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Jere Brittain: A treasure that tastes great

What makes the Mills River Town Center and Park so popular, despite the partial closure due to the virus pandemic?

I think one of the main attractions is the stunning view to the west, with Bradley Johnson’s Jersey cattle grazing in the foreground and the Pisgah range rising in the distance. A good way for Town Council members to begin each meeting would be to walk outside the Town Hall and look to the west for a few minutes. Then they could discuss electronic billboards and managing development with added perspective.
That Jersey herd and the Mills River Creamery should be designated Town of Mills River and Henderson County treasures, with incentives comparable to those commonly offered in industrial recruiting.
Recently, Joanne and I visited the Creamery for fresh milk, buttermilk, butter and ice cream. Bradley’s cows are selected for production of milk believed to be more digestible as a result of its higher proportion of the a2 protein. These beautiful cows are descendants of the famous Biltmore herd.
During my late teens, one of my several part time jobs was assisting Mr. Harry Lutz, supervisor of the local Dairy Herd Improvement Association. Dairy herds enrolled in the program required monthly milk sampling from each cow for daily production and butterfat content. My favorite destination to collect samples was Sleepy Hollow Farm on the Biltmore Estate. In the early 1950s, Biltmore had several herds dispersed throughout the Estate, each with a resident herdsman. After a few visits to Sleepy Hollow I noticed a couple of unusually fat hounds lying outside the milk room door. After enhancing his morning coffee with a third of a cup of rich Jersey cream from the top of the ten-gallon can from the previous evening’s milking, the herdsman poured out about a quart of pure cream into a milk can lid for his hounds.
Supporting local farmers seems more important than ever these days. Nancy Lynn and her associates at Mills River Creamery will bring their great products to the curb if you call ahead. These products cost more than generic dairy items at the big box markets, but the superior quality is well worth the difference. I have developed an economic theory to justify occasional purchase of the best Irish single malt or Jersey milk that our budget allows: buy the best, consume less and savor it slowly.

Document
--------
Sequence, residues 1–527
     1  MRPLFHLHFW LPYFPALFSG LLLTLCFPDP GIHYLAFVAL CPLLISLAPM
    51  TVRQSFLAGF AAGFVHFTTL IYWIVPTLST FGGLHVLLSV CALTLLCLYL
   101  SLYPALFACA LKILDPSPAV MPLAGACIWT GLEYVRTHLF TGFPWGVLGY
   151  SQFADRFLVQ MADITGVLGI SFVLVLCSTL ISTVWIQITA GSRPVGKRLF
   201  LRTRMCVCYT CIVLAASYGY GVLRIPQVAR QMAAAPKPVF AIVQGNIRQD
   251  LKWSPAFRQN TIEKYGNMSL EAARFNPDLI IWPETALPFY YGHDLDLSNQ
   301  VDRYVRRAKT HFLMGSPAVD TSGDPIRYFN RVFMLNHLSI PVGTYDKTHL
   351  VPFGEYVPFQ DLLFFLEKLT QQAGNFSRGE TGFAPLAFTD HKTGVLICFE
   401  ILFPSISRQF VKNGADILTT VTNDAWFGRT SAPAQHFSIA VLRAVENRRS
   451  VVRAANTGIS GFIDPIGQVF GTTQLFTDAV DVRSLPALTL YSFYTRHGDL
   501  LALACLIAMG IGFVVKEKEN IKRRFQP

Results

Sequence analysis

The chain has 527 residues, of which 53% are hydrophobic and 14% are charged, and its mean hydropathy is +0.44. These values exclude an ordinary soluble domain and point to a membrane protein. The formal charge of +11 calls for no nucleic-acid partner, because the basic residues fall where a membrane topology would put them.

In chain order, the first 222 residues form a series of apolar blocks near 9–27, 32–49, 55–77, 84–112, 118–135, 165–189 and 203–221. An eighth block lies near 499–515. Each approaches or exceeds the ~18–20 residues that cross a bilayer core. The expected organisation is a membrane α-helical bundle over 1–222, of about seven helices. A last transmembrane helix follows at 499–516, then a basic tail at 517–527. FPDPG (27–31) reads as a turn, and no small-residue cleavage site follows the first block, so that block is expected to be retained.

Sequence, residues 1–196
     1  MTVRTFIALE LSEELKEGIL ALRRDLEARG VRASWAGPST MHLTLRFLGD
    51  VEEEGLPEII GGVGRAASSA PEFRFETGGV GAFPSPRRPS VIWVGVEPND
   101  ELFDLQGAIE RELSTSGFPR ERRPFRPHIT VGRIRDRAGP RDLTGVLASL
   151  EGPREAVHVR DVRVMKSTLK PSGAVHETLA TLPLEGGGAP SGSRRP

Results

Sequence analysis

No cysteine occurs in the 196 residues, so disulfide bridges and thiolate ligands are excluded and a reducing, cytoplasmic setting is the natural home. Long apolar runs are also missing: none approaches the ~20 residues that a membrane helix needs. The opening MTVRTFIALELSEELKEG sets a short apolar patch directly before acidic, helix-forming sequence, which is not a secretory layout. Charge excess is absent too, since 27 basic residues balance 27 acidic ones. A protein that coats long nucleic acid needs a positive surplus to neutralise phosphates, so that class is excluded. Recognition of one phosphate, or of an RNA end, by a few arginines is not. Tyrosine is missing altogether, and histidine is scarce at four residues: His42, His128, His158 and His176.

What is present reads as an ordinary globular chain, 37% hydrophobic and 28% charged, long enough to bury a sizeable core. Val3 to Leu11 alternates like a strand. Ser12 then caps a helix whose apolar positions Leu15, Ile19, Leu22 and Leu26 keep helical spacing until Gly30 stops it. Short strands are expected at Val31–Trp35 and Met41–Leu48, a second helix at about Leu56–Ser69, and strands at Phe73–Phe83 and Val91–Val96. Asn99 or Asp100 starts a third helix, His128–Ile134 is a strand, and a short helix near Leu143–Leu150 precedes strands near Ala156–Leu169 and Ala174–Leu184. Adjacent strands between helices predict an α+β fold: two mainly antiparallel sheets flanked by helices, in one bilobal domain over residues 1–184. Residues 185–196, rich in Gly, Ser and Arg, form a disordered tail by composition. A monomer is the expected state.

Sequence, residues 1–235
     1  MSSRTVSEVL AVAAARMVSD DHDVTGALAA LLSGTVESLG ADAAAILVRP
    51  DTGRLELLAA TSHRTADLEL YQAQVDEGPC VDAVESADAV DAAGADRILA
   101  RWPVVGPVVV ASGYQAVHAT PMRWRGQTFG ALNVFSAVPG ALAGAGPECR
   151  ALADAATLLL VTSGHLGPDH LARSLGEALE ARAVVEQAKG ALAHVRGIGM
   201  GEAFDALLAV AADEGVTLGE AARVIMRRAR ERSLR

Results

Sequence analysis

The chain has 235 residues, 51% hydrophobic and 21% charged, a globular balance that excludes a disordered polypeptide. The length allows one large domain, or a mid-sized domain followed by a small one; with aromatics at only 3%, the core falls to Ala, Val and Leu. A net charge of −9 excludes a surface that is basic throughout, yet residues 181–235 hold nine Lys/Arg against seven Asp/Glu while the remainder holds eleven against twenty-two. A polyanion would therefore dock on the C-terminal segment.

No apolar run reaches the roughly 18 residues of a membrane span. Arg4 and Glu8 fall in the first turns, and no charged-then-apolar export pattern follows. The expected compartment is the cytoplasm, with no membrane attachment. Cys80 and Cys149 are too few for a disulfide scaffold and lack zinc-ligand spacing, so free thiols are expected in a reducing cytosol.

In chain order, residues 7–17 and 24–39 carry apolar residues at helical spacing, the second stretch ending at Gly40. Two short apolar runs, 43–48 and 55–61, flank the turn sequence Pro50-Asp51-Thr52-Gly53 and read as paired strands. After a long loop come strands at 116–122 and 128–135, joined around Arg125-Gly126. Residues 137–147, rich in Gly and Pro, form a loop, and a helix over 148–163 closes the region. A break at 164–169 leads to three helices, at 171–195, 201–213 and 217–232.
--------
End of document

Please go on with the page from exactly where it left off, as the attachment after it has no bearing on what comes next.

I hasten to acknowledge that dairy farming, especially when adding value by processing retail products, is much more than a picturesque scene in a grassy meadow. It is a complex and earthy business. Cows require prodigious quantities of forage, feed and water, and they produce tons of by-product politely known as slurry. Environmental regulations complicate slurry disposal, and food safety and security require strict monitoring and compliance. These factors, combined with economies of scale, account for the fact that dairy farms in Henderson County are rare and endangered.
Mills River Creamery whole buttermilk gives Joanne’s cornbread a special flavor. She shares her recipe here, for the first time in writing. (Note: one of Joanne’s biscuit fans has never been able to replicate her recipe and says, “It must be a feel thing.”)

Buttermilk Cornbread

2 cups self-rising corn meal mix, ½ teaspoon baking soda, 1 egg, 2 cups Mills River Creamery buttermilk ¼ cup canola oil (or any vegetable oil). Mix all ingredients. Preheat oven to 450 F. Cover bottom of a well cured medium sized cast iron skillet with cooking oil and preheat skillet. Pour mixture into skillet and bake for about 30 minutes until top is light brown. Turn out on cooling rack.

Journeying on …

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A sixth generation native of Mills River, Hendersonville Lightning columnist Jere Brittain is a retired professor of horticulture at Clemson University, a musician and songwriter and Henderson County history enthusiast. He writes about life in and around Mills River.